£25000 per annum: Ashdown Group: A successful professional services firm is lo...

Day In a Page

Read Next
Nicola Sturgeon could have considerable influence over David Cameron in a hung parliament  

General Election 2015: What if Cameron were to end up in hock to the SNP?

Steve Richards
Fishing for votes with Nigel Farage: The Ukip leader shows how he can work an audience as he casts his line to the disaffected of Grimsby

Fishing is on Nigel Farage's mind

Ukip leader casts a line to the disaffected
Who is bombing whom in the Middle East? It's amazing they don't all hit each other

Who is bombing whom in the Middle East?

Robert Fisk untangles the countries and factions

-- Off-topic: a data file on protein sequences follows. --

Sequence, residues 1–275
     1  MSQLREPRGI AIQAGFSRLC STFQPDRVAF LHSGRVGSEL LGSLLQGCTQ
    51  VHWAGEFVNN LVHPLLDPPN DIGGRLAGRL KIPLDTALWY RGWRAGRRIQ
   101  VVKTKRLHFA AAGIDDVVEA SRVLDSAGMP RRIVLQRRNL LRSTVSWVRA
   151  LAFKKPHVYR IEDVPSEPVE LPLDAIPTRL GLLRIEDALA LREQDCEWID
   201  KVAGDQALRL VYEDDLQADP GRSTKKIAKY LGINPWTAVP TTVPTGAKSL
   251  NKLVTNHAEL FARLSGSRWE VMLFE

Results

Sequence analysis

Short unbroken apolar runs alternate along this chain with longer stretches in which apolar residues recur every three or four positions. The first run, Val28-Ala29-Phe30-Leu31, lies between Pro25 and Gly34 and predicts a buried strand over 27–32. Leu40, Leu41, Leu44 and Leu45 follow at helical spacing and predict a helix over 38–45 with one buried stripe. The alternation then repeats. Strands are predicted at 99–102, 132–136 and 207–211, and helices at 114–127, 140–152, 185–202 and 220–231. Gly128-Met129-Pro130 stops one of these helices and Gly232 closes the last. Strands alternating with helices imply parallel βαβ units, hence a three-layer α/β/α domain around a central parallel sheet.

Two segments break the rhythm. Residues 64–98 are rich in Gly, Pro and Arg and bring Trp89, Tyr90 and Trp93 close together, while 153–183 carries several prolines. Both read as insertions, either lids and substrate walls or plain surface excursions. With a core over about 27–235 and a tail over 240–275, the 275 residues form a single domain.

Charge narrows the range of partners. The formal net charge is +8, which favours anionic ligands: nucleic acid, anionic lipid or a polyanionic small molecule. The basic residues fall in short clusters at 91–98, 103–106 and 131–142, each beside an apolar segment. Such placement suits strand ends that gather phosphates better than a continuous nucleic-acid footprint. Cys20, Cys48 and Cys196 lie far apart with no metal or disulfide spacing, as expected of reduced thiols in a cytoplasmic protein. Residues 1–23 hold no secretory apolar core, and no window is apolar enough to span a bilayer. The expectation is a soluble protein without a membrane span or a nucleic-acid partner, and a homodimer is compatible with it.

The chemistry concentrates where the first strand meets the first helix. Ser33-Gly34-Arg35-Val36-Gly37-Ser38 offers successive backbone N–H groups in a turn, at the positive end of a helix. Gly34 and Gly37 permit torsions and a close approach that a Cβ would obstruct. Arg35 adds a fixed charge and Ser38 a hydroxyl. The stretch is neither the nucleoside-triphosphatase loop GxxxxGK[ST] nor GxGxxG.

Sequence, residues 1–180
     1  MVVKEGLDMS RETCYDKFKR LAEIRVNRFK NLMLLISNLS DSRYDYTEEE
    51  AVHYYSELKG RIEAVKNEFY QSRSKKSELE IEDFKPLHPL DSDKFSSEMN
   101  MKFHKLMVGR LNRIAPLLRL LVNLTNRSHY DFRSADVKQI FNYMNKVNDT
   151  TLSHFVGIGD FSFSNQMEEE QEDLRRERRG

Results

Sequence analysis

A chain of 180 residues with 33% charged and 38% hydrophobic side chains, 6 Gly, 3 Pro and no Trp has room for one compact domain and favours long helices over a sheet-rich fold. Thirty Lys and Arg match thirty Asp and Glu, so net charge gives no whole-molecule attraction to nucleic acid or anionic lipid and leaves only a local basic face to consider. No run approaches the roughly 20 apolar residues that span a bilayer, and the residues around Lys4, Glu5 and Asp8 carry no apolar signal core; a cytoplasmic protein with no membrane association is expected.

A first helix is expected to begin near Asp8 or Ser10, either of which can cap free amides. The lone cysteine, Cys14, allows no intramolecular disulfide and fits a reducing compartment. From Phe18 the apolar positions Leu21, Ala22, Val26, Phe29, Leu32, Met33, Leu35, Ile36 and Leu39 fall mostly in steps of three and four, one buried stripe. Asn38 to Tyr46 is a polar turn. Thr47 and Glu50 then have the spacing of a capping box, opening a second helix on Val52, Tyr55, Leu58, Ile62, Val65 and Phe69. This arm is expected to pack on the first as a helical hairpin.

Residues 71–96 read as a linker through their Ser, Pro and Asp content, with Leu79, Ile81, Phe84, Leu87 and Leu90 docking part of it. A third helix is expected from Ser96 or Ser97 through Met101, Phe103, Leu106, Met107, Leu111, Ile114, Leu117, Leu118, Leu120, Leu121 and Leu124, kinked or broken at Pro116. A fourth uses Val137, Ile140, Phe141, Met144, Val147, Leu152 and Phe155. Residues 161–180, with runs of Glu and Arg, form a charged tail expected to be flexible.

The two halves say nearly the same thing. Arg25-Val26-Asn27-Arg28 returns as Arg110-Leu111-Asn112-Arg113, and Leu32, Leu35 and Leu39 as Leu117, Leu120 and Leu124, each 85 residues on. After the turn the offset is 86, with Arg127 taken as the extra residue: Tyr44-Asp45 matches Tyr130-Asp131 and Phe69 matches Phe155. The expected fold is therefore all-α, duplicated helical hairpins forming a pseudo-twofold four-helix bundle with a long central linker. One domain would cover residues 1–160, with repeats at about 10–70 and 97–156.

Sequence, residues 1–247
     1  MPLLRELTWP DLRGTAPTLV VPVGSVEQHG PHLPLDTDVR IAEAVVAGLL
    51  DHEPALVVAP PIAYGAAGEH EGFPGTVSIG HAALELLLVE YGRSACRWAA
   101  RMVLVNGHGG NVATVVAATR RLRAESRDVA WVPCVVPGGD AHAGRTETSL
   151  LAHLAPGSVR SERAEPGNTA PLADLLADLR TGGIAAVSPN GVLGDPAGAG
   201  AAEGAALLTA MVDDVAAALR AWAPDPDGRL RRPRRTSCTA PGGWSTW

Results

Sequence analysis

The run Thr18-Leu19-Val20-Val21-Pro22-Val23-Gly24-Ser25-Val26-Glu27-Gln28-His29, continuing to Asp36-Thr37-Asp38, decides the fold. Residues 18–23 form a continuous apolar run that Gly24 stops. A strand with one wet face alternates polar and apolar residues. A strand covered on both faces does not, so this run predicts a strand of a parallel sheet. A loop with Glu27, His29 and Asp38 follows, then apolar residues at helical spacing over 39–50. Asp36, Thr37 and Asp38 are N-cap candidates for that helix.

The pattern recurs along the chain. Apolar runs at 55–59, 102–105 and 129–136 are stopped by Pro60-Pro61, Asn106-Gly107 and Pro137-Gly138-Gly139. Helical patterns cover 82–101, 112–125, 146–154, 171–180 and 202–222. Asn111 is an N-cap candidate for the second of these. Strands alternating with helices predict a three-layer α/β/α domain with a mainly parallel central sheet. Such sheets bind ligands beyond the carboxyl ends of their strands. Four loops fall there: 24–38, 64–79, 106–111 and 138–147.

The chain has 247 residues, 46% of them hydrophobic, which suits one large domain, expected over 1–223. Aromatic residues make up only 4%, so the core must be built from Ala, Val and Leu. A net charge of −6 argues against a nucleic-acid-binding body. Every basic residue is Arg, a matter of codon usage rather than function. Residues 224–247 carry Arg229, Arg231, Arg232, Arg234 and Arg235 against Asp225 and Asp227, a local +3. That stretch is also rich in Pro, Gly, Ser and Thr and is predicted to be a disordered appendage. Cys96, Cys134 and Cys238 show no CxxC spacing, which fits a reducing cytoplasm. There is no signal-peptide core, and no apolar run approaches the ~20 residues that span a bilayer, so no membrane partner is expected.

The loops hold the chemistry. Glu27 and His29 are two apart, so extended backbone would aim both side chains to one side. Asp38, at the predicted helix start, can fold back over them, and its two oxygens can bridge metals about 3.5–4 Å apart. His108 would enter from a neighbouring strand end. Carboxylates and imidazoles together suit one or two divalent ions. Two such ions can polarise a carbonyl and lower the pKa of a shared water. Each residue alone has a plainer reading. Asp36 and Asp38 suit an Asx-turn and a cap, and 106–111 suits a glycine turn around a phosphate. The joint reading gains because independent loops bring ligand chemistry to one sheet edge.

China's influence on fashion: At the top of the game both creatively and commercially

China's influence on fashion

At the top of the game both creatively and commercially
Lord O’Donnell: Former cabinet secretary on the election and life away from the levers of power

The man known as GOD has a reputation for getting the job done

Lord O'Donnell's three principles of rule
Rainbow shades: It's all bright on the night

Rainbow shades

It's all bright on the night
'It was first time I had ever tasted chocolate. I kept a piece, and when Amsterdam was liberated, I gave it to the first Allied soldier I saw'

Bread from heaven

Dutch survivors thank RAF for World War II drop that saved millions
Britain will be 'run for the wealthy and powerful' if Tories retain power - Labour

How 'the Axe' helped Labour

UK will be 'run for the wealthy and powerful' if Tories retain power
Rare and exclusive video shows the horrific price paid by activists for challenging the rule of jihadist extremists in Syria

The price to be paid for challenging the rule of extremists

A revolution now 'consuming its own children'